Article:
The Border Part Eight

BOOK: The Border Part Eight
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Copyright 2015 Amy Cross

All Rights Reserved

 

This book is a work of fiction. Names, characters, businesses, events, entities and places are either products of the author’s imagination or are used in a fictitious manner. Any resemblance to actual people, businesses, entities or events is entirely coincidental.

 

Published by Dark Season Books

Kindle edition

First published: September 2015

 

“I want to see my uncle again.”

 

As the sun sets on Bowley, two figures make their way toward the Border, determined to end the club’s reign of misery. They know the task won’t be easy, and that there might well be resistance. What they’re not ready for, however, is the madness that always seems to be lurking one door away.

 

Revenge is in the air, and before the night is over several of Bowley’s residents will be dead while others will have their lives changed forever. The stag-headed man is about to be unmasked, but not before claiming one final victim, and a girl will struggle for her life on a kitchen table. And many years later, one woman heads to a mysterious rendezvous, unaware that she’s being followed.

 

The Border is a horror thriller serial in eight parts, about a family’s search for the truth, and about a town gripped by the possibility that a killer lurks among them. This is the eighth part.

T
he Border

Part Eight

Prologue

 

Nine years ago

 

“Come on,” he muttered, his bloodied hands trembling as he tried to bring up his brother’s number on the phone. “Jack, please, just answer for once. I need you!”

Raising the phone to the side of his face, Ben Freeman stared straight ahead, his eyes fixed on the corpse of Garland Packer. A few minutes ago, the room had been filled with noise, with shouts and cries and the sound of furniture being knocked over during a struggle; now the whole farmhouse was silent, save for Ben’s harried breaths and the sound of him whispering to himself, begging his brother to answer.

In his mind’s eye, he could see Jack glancing at the ringing phone, seeing Ben’s name, and not bothering to answer.

“You’ve reached Jack,” a voice said suddenly on the other end of the line. “I’m not here right now, so -”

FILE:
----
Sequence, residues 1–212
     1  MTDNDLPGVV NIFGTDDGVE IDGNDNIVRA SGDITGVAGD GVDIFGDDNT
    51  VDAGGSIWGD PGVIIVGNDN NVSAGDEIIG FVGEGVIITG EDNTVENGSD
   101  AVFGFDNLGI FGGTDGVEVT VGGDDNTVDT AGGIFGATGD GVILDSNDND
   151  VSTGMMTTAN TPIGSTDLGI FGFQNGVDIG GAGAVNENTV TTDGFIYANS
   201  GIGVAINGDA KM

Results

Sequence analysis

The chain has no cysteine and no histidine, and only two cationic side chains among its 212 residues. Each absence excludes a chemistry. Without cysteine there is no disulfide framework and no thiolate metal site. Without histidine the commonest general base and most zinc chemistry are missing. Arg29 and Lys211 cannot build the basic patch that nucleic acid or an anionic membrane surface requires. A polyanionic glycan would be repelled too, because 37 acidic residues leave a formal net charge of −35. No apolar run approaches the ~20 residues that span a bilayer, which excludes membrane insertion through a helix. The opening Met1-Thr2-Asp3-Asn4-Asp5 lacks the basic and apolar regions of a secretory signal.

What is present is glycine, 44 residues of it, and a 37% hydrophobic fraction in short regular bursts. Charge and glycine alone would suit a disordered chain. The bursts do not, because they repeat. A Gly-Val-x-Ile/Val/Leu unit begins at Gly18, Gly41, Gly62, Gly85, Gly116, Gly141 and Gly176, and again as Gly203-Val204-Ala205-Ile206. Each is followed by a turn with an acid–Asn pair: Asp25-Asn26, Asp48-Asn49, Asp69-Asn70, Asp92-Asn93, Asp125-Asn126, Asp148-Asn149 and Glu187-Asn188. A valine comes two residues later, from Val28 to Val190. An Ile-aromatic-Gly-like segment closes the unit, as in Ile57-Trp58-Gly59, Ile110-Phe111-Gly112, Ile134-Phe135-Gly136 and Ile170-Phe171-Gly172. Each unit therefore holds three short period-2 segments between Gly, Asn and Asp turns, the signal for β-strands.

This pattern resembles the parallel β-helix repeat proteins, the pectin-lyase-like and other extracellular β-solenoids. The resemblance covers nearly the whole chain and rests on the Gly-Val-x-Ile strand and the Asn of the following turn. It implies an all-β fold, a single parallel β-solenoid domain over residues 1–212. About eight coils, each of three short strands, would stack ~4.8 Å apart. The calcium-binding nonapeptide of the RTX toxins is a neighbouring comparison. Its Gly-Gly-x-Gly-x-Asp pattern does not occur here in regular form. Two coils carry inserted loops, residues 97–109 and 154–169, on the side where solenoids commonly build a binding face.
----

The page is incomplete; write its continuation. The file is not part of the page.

“Damn it!” Ben hissed, cutting the call and staring at the phone for a moment before bringing up his sister’s number. He waited, while looking over at the corpse, before suddenly he heard someone picking up on the other end of the line.

“Hey,” Beth said calmly, sounding a little bored with the sound of a TV in the background, “what’s -”

“Are you at home?” Ben asked.

“Um… Yeah, why?”

“Is Jack there?”

“No. Why?”

“Do you know where he is?”

“Why?”

“Where the hell is he?” he shouted, momentarily losing his temper before realizing that yelling at his sister wouldn’t help. “Do you know where he is? Come on, he must have said something to you before he went out.”

“Ben, is something wrong? You sound kinda stressed.”

He paused, desperate for help but aware that Beth wouldn’t be the right person. In fact, she’d be very much the wrong person. It had to be Jack.

“I’m fine,” he said after a moment, surprising himself with the calm tone he was suddenly able to bring to his voice. “I just wanted to ask Jack something, that’s all.”

“Liar.”

“I’ll see you later.”

“What’s wrong? I
know
you’re up to something, Ben. Come on, I know I’m not as cool as Jack but I still might be able to help. Can’t you let me in on one of your exciting little scrapes for once?”

“Beth, I -”

Suddenly he saw Garland Packer’s body twitching. Frozen for a moment, Ben watched as the old man’s right hand started to move, reaching out toward the doorway. The sight was so bizarre, so utterly horrifying, that for a few seconds it seemed impossible, as if it was some fevered vision intruding from a dream.

“Oh God,” Ben whispered, “no, he can’t be, he’s not…”

His voice trailed off.

“Is this important?” Beth asked. “It’s just, Bob and I were about to -”

“Forget it,” he replied, “have fun. I’m fine.”

Cutting the call before she had a chance to say anything else, he paused for a moment, watching as Garland Packer’s arm continued to reach toward the doorway. The rest of the old man’s body wasn’t moving at all; it was as if, like one of the spiders that Ben and Jack had killed in the old days, Packer’s arm was twitching out a few postmortem spasms. Thinking back to the spiders, Ben remembered how he and Jack had plucked their legs off one by one, leaving just the little black control center of a body in the center. Maybe, he figured, that was what was happening now with Garland Packer, except the man’s arms and legs weren’t -

Suddenly he heard a faint, guttural groan.

“I didn’t kill him,” Ben whispered, taking a step closer but stopping as he saw Packer’s head move slightly. The back of the old man’s scalp was still bloodied and crushed, glistening as blood dribbled from the wound. A few minutes earlier, just after he’d struck out with the brick in a fit of panic, Ben had even thought he could see some brain matter mixed in with the bloody mashed flesh.

A moment later, another groan came from Packer’s lips.